There was an interesting book by one Juliett Schoor at Harvard, some years ago. I think it was called Overworked America. She pointed out that only one modern appliance, the microwave oven, had reduced work time. The clothes washer, for example, saved time on laundry, but people then just ended up washing their clothes far more often. There had been a utopian fantasy about how we'd all only need to work 3-day weeks by the 60s or 70s. Instead we work more than ever. No one counted on two important factors:
* The unequal distribution of the benefits provided by machines.
* The existential anxiety caused by lack of purpose. Most people can't handle having a schedule free of work. Work defines them.
And of course, there's the question of what easy living really means. It's nice to have vaccines and novacaine from the dentist, but making minimal effort in life is not necessarily a source of happiness. (Whatever that is. :)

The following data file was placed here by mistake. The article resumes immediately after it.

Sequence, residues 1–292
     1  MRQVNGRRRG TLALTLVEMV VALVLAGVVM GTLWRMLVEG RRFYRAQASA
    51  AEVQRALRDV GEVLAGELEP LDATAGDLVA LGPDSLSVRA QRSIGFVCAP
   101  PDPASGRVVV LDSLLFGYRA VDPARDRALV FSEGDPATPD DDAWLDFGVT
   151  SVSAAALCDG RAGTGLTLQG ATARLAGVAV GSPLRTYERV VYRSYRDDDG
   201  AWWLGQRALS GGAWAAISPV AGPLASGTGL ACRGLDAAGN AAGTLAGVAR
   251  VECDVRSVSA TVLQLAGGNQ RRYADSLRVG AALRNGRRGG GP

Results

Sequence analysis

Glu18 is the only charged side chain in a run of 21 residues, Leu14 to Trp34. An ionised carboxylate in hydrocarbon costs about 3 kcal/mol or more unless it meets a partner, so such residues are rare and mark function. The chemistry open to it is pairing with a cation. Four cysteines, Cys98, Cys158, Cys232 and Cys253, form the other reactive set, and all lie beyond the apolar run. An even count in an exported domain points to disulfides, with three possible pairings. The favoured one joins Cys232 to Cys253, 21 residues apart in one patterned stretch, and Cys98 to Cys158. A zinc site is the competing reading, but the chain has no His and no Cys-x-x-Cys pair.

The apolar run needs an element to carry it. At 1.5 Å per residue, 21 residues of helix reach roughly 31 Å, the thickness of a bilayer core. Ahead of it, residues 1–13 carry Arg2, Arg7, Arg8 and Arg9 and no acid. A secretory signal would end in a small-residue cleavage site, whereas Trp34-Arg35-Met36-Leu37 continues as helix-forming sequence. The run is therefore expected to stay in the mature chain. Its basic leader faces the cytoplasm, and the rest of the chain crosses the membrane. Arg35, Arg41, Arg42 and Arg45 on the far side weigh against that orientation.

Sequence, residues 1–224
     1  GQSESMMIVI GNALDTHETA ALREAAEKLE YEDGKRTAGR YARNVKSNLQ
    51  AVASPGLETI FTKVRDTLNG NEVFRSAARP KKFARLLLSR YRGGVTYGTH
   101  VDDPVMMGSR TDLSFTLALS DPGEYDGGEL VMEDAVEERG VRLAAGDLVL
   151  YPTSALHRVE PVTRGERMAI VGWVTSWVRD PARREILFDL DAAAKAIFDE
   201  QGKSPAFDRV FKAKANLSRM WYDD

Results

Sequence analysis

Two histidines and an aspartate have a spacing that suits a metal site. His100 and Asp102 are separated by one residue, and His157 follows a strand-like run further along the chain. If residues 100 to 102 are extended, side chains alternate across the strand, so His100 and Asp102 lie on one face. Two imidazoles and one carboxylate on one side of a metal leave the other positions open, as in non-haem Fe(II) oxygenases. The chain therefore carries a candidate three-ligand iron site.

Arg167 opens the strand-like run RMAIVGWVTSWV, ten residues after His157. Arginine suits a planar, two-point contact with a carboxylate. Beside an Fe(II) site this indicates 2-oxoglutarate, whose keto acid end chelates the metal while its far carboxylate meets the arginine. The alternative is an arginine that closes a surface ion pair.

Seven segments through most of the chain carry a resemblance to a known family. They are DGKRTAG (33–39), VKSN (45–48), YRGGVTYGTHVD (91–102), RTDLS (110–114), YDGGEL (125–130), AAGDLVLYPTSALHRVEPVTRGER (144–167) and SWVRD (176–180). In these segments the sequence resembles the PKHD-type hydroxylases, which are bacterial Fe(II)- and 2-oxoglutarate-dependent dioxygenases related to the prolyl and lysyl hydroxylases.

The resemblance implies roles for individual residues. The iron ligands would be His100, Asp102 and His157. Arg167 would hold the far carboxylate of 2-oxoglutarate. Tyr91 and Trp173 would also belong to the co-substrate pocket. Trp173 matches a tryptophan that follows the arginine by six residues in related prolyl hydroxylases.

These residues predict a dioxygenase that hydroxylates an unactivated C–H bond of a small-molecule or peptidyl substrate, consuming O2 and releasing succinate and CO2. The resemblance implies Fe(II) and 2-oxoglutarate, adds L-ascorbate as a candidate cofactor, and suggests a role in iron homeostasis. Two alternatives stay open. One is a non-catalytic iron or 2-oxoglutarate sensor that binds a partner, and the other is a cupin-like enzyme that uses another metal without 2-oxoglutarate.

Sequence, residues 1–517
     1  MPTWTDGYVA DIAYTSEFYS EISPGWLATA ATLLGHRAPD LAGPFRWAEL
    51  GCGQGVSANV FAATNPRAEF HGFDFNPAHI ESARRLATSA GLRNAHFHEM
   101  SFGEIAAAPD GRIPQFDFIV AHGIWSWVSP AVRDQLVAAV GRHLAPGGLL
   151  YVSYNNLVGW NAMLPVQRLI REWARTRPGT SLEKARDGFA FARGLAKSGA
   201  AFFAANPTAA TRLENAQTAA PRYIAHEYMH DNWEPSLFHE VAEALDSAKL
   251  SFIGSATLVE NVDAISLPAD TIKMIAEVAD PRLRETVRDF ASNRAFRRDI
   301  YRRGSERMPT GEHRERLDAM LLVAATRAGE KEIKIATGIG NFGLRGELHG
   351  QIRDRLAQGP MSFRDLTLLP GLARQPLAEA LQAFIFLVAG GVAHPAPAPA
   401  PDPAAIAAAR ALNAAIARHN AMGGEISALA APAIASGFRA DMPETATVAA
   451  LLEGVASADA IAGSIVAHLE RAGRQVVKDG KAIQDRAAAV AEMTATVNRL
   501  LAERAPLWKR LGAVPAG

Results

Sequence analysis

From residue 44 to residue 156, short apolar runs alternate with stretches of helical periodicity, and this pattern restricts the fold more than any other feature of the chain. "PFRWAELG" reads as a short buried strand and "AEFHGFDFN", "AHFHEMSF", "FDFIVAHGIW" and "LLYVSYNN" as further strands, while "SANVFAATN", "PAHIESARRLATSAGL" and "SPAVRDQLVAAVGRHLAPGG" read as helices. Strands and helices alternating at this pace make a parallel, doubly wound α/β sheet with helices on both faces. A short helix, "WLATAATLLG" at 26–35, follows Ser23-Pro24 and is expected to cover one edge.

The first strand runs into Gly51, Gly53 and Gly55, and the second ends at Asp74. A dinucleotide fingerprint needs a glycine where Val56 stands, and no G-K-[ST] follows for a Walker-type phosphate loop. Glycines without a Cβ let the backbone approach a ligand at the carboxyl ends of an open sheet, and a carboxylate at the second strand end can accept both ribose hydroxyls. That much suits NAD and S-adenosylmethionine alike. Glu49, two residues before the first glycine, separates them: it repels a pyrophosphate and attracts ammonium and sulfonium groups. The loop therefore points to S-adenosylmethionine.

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years.
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'N8N[_2_ Wrote: > ;3303702']

> critical to the development of the "white" LED as the latter is > basically a blue LED that excites various phosphors that emit other > frequencies of light.

No, I think you're getting the different technologies mixed up.
Fluorescent tubes work on the principle that when an electron hits a mercury atom inside the fluorescent tube, that mercury atom emits a UV ray. When that UV ray hits the phosphor coating on the inside of the tube, those phosphors then emit light in the visible spectrum.